Then the Lord said to Moses, “Why are you crying out to me? Tell the Israelites to move on. Raise your staff and stretch out your hand over the sea to divide the water so that the Israelites can go through the sea on dry ground. I will harden the hearts of the Egyptians so that they will go in after them. And I will gain glory through Pharaoh and all his army, through his chariots and his horsemen. The Egyptians will know that I am the Lord when I gain glory through Pharaoh, his chariots and his horsemen.”
- Exodus 14:15-18
Crossing bodies of water on dry ground is not a one-time thing in Biblical stories. This first instance above set the stage. Then Joshua had the Arc of the Covenant carried into the Jordan River, but as those carrying the Arc touched the edge of the river, the water stopped, and the riverbed was dry (Joshua 6). And then in 2 Kings 2, Elijah strikes the Jordan river with his cloak and the river dried for him and Elisha to pass, and when Elisha came back after Elijah ascended in a whirlwind, Elisha did the same thing with Elijah’s cloak.
Of course, I could have mentioned Jesus walking on water, so why bother drying up a piece of it to walk on, but my blessings on a day a few weeks ago had to do with being dry.
There were thunderstorms in the weather forecast a week or more before anything tropical came through, but my wife wanted to do a few things. I think we had three stops before returning home, the last one at the grocery store. As we got into the car, there were a few drops of water on the windshield. My wife commented on how the rain had held off so far. We had not gotten one block from the house when the heavy rain hit. It rained steadily until we got within a mile of our first destination.
Within that last mile, the rain got steadily less intense. When we opened the car doors, the rain had stopped. When we entered the first store, we heard the rain start to hit the ground behind us, a driving rainstorm, water falling with great ferocity. After that little bit of shopping, we emerged from the store to see that the rain had stopped.
I won’t bore you with the details, but the same thing happened at the next two stops (all remaining stops as I cannot remember if there were three or four stops). It rained, sometimes very hard rain, when we were in a store or in the car. When we were walking to and from the stores, it did not rain. The ground was not dry, but no one would quibble about an occasional puddle that hardly got the bottom of our shoes wet.
For our getting in the car and the first stop in our adventure, I did not think anything of it. But after the same thing happened at the second stop. I paid careful attention at the third stop. God was granting us a special blessing.
With the special blessing confirmed after three stops and never getting wet, I told my wife what I had observed. I said we should be praising God for this wonderful blessing. She said, “I noticed too! Shut up or you might jinx it when we get the groceries into the house.” I laughed.
But our blessing continued with a steady rain falling until we reached our little town, and no rain or even a drizzle while we unloaded the car.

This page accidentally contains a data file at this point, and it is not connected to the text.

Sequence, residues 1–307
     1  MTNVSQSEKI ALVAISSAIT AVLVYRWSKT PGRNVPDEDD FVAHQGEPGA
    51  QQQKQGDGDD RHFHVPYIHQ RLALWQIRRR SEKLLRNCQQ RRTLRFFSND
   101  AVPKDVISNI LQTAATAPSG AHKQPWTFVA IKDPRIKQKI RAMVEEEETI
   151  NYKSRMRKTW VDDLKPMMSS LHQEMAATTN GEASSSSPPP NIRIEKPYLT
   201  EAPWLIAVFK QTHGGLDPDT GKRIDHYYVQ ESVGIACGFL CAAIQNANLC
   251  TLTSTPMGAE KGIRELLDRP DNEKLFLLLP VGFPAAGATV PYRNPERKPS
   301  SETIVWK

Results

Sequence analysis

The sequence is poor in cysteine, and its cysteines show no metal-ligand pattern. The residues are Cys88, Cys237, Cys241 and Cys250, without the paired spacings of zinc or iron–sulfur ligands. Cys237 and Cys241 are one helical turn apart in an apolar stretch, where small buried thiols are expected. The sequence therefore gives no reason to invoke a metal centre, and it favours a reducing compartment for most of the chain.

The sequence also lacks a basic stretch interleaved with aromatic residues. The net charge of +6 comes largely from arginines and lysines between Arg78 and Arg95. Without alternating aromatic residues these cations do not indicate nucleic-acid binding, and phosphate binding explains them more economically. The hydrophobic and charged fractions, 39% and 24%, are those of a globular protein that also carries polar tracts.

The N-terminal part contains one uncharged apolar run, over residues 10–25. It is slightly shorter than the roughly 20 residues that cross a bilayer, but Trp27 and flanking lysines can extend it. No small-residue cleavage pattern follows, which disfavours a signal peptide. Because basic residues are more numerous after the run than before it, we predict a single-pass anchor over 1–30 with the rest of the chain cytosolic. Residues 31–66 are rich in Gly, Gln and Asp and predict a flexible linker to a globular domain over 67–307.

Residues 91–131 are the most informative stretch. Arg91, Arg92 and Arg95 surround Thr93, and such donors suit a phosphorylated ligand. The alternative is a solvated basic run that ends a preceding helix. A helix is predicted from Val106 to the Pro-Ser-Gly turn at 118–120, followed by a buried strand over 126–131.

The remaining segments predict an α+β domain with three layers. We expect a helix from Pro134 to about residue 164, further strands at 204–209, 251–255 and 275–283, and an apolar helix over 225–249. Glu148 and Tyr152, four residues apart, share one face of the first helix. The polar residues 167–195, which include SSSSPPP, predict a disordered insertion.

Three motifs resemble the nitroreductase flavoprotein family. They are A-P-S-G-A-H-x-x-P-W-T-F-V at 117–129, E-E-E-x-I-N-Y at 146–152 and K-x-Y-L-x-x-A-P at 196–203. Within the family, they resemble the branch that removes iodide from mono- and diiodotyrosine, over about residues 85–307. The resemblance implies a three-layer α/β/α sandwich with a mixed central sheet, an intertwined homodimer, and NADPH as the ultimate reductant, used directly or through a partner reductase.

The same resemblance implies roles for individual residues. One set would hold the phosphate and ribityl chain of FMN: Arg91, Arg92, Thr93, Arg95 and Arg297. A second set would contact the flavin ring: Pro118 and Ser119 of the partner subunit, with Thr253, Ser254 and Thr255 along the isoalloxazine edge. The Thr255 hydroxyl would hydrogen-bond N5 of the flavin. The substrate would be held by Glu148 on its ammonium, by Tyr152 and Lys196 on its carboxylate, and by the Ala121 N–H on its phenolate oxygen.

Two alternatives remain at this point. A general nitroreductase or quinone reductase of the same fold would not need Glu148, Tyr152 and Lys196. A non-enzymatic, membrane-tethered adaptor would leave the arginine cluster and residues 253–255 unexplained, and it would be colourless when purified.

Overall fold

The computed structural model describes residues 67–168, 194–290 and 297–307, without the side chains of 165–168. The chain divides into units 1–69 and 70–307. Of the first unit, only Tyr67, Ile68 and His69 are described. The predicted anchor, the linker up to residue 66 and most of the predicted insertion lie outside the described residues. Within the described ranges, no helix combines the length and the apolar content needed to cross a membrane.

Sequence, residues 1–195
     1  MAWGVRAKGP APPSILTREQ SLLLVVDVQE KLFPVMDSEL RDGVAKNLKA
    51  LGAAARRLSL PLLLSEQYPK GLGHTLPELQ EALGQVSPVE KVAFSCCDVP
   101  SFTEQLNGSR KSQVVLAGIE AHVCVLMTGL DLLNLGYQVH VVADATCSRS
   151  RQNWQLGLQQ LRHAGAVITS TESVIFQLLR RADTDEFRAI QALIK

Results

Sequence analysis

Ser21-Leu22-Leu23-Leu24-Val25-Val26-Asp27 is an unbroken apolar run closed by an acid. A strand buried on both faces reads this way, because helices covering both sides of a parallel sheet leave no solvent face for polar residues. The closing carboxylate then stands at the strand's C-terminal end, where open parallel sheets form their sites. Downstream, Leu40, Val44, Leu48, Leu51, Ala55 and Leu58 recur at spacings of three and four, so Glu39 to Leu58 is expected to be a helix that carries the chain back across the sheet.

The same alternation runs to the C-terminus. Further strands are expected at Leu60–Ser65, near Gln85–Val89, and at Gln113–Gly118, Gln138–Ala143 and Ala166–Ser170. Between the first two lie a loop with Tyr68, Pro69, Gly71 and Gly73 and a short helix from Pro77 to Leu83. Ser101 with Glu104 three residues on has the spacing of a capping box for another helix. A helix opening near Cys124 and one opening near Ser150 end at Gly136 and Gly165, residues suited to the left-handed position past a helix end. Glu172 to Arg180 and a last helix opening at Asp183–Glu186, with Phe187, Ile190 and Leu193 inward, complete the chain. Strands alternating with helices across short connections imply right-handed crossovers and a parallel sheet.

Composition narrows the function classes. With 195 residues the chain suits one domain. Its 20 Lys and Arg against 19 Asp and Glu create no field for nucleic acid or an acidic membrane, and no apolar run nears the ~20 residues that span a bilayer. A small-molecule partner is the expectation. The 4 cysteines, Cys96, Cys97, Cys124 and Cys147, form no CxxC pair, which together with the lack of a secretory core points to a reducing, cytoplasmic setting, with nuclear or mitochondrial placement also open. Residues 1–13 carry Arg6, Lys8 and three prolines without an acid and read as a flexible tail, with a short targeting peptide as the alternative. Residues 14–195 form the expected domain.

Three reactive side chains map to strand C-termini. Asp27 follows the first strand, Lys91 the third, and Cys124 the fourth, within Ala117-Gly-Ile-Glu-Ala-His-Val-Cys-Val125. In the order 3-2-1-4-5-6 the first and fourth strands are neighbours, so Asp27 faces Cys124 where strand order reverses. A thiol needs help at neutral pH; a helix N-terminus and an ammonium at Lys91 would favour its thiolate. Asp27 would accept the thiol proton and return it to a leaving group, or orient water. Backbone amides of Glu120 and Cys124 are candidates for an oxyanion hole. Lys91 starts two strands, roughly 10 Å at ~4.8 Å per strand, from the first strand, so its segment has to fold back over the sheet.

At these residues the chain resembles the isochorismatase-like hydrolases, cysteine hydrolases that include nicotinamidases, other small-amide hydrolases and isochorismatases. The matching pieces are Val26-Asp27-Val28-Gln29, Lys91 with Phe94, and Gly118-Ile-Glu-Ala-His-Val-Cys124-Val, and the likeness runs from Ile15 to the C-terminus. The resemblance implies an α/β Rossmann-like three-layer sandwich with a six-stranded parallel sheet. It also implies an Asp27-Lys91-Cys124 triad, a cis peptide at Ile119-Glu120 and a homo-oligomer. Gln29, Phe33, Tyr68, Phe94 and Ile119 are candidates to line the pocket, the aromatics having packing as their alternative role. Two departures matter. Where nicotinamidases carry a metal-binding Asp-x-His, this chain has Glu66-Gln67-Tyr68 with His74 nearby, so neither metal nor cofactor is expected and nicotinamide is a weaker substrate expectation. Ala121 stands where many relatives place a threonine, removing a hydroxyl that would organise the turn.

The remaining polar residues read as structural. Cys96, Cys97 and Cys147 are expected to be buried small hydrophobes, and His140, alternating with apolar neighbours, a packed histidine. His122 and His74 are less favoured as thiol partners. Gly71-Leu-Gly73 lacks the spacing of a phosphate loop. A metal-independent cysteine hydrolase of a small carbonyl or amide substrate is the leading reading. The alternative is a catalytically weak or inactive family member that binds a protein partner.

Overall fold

A week later, the remnants of Tropical Storm Fred were just starting to reach our area in Pennsylvania. We got into the car with no trouble. We got into the grocery store with no trouble. But upon finishing our shopping, the full force (what was left of it) of Fred was dumping water in the parking lot. My wife stayed in the grocery store while I walked to the car, unloaded the shopping cart, walked the shopping cart to the collection area, and then went back to the car. I then drove to the entrance of the store and picked up my wife, under a nice awning.
Why did I walk? My platoon sergeant once told me, “It rains on the Army, Sir, never in the Army.” What he meant by that was a few things. 1) I was never to think about grabbing an umbrella, because if I needed one, the Army would have issued me one. It was never considered a part of the uniform and dishonored the uniform, and the US flag on the sleeve, by using an umbrella. (I have never used one unless holding it for my wife ever since although I have not been in uniform for nearly four decades.) 2) It was not dignified for an Army officer to run in a rainstorm. What is he running from? A tiny drop of water? That is nothing like bullets flying, nothing at all!!! 3) This saying by my sergeant is kind of like the cliché of “If it ain’t raining, we ain’t training,” but my experience in Germany was that it had to be snowing for us to do military exercise type training. As an engineer, if it was just raining, we were building something. But if you are caught in a freezing rain situation, never try drilling holes with the post hole digger PTO (power take off) on a backhoe. You can break the drill bit. (Firsthand experience on that one. One of the few days that I gave the guys a day off due to the weather. It warmed up enough the next day to finish the project on time.) And 4) my sergeant had heard that if you walked, you did not get as wet as when you ran. The idea being that you would run through more rain drops by running instead of the prolonged time in the rain by walking. In the television show, Mythbusters, they confirmed my sergeant’s theory by controlled experiment that you get wetter by running than walking. Hey, why go to the trouble and expense of a television show and the experiment setup. Sergeants know these things!!!
But really, before I got the groceries into the back of the SUV, I could hardly get any more drenched than I already was.
Even then, I guess God was blessing me. He may have thought I needed a second bath that day.
Soli Deo Gloria. Only to God be the Glory.